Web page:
Matthew Backhouse is a NZME. News Service journalist based in Auckland.

Scott Guy trial: Murder accused 'pale and shaking'

Ewen Kerry Macdonald in the dock for his trial for the murder of Feilding farmer Scott Guy. Photo / Mark Mitchell
Ewen Kerry Macdonald in the dock for his trial for the murder of Feilding farmer Scott Guy. Photo / Mark Mitchell

The wife of murder accused Ewen Macdonald said he ran into the house pale and shaken on the morning he allegedly killed her brother Scott Guy.

Anna Macdonald this morning gave evidence for the first of the five times she is to be called at the murder trial of her husband.

The Crown alleges Macdonald shot and killed Mr Guy, 31, in the early hours of July 8, 2010 after growing tensions over the future of the family farm they co-managed.

Macdonald, 32, has denied murdering Mr Guy.

Ms Macdonald told the High Court at Wellington today she was told of her brother's death by her sister, Nikki Guy, who said: "It's Scott, it's Scott, he's been shot dead."

She said she was in disbelief at the news.

"I didn't believe her and I was saying, 'Are you sure, what's going on?'"

Macdonald later came running into the house.

"He looked really pale and was shaking and had been crying."

The family gathered at the house but Ms Macdonald still did not believe the news.

"I just thought someone must have got this wrong."

Ms Macdonald earlier gave evidence about the time her husband had got up that morning.

Timing is crucial to the case, with the Crown alleging Macdonald shot Mr Guy at his Aorangi Rd home within minutes of 4.43am before cycling back to the family farm to milk the cows by about 5am.

Ms Macdonald told the court the time her husband woke up every morning was consistent for weeks on end, and he told her when it would change.

He set and tested the alarm clock by his side of the bed every night.

Ms Macdonald said she was a light sleeper and she got annoyed when her husband switched on the light in the walk-in wardrobe every morning.

She often did not check the time when that happened because she would have to sit up in bed to see the alarm clock, which was obscured her husband's large pillow.

"Most of the time I didn't want to fully wake up so I'd just roll over."

Ms Macdonald did not know what time her husband got up on July 8, but said he had been getting up about 4.50am "for some time".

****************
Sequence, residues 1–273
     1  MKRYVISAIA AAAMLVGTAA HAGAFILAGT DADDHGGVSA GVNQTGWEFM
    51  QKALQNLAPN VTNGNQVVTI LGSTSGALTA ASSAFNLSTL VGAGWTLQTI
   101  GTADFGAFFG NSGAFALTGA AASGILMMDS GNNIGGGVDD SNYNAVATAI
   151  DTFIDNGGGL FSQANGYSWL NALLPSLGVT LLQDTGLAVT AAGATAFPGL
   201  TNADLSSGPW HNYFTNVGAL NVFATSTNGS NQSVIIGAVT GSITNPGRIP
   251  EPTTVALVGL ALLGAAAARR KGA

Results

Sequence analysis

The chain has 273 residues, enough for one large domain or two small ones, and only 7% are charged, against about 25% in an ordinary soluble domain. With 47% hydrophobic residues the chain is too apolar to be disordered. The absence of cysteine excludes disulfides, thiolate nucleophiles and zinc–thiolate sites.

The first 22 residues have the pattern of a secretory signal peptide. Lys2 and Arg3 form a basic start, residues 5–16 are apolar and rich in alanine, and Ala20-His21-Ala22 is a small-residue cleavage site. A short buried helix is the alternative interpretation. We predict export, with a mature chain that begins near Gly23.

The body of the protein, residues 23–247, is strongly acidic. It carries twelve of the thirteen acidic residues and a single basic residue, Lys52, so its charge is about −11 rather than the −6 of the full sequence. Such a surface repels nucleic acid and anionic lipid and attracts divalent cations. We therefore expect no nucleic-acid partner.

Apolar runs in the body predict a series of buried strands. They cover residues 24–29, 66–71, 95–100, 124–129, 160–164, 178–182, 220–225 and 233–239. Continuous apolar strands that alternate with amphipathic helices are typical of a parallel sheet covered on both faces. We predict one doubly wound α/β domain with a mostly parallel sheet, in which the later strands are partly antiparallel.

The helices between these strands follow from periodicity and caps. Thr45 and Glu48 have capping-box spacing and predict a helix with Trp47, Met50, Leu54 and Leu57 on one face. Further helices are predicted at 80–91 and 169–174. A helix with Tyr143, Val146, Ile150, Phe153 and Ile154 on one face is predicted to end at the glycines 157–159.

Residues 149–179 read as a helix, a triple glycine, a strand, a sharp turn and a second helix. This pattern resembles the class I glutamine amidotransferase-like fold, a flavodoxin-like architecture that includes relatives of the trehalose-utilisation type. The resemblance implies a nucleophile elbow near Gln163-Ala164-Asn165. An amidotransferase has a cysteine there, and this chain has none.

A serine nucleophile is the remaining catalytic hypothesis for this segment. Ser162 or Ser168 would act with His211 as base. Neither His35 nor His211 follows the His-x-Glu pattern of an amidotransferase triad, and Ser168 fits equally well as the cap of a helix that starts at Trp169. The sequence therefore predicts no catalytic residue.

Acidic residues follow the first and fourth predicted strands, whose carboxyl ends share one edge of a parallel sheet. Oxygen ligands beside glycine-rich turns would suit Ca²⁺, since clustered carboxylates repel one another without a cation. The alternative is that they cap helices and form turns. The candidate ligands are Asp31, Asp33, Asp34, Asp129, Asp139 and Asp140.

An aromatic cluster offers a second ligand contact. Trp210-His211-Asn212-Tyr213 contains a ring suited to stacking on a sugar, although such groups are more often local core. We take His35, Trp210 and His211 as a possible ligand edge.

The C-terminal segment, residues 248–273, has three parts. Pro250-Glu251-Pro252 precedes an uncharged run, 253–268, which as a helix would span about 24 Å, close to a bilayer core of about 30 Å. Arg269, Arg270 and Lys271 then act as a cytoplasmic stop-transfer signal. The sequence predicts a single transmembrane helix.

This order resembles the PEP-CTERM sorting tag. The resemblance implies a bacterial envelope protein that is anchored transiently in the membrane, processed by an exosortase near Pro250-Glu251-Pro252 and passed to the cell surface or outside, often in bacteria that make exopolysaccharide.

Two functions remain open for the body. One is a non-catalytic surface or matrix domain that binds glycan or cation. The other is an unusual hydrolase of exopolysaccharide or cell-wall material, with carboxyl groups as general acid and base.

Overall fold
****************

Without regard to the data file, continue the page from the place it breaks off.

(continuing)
She got up about 6.15am that day when she was woken by her four children.

Mr Guy's wife Kylee earlier fought back tears as she told of her son's excitement when he thought his father was coming home on the morning he was killed.

She was woken about 6.30am on July 8 by their two-year-old son Hunter.

Ms Guy said Hunter heard motorbikes and thought Mr Guy was coming home.

She went to the window and saw Mr Guy's silver ute and a large stock truck.

Then she saw police cars and thought farm worker Matthew Ireland may have been run over.

"I didn't think it was Scott," she said.

She and Hunter put on jackets and went outside but a police officer came running up to her.

"He told us to go back inside."

She went into the bedroom and "just sat there" on the bed.

Ms Guy said she was very upset and called a friend to look after Hunter.

On the last day she spent with her husband, Mr Guy had finished work on a cow shed on the property where seven of their chocolate labrador's puppies were kept.

Mr Guy showed his father Bryan the shed that day because he was very excited about the work he had done.

Later that afternoon, she and Mr Guy went shopping at The Warehouse with Hunter and bought a train set for him.

They returned home for dinner when it was dark.

She put Hunter to bed and went to bed herself because she was "knackered".

Mr Guy took a call from a friend and she called out to him to come to bed.

"I was yelling out because I was so tired ... I just wanted to go to sleep."

Mr Guy got off the phone, showered and came to bed.

Ms Guy, who was heavily pregnant with second child Drover, said she slept deeply that night.

"I'm normally a light sleeper but when I'm pregnant I'm a deep sleeper."

Ms Guy said her husband usually awoke to the alarm on his phone but she did not hear it and did not know what time it was set for.

His morning routine was to put on his clothes, which he picked out the night before, before using the bathroom further down the house so he would not wake her and Hunter.

"Then he'd have his coffee and normally check his mail, use the computer."

She was not woken by Mr Guy's ute that morning, and said she hardly ever was.

The trial before Justice Simon France and a jury of 11 resumes on Monday with evidence about Macdonald's relationship with Mr Guy.


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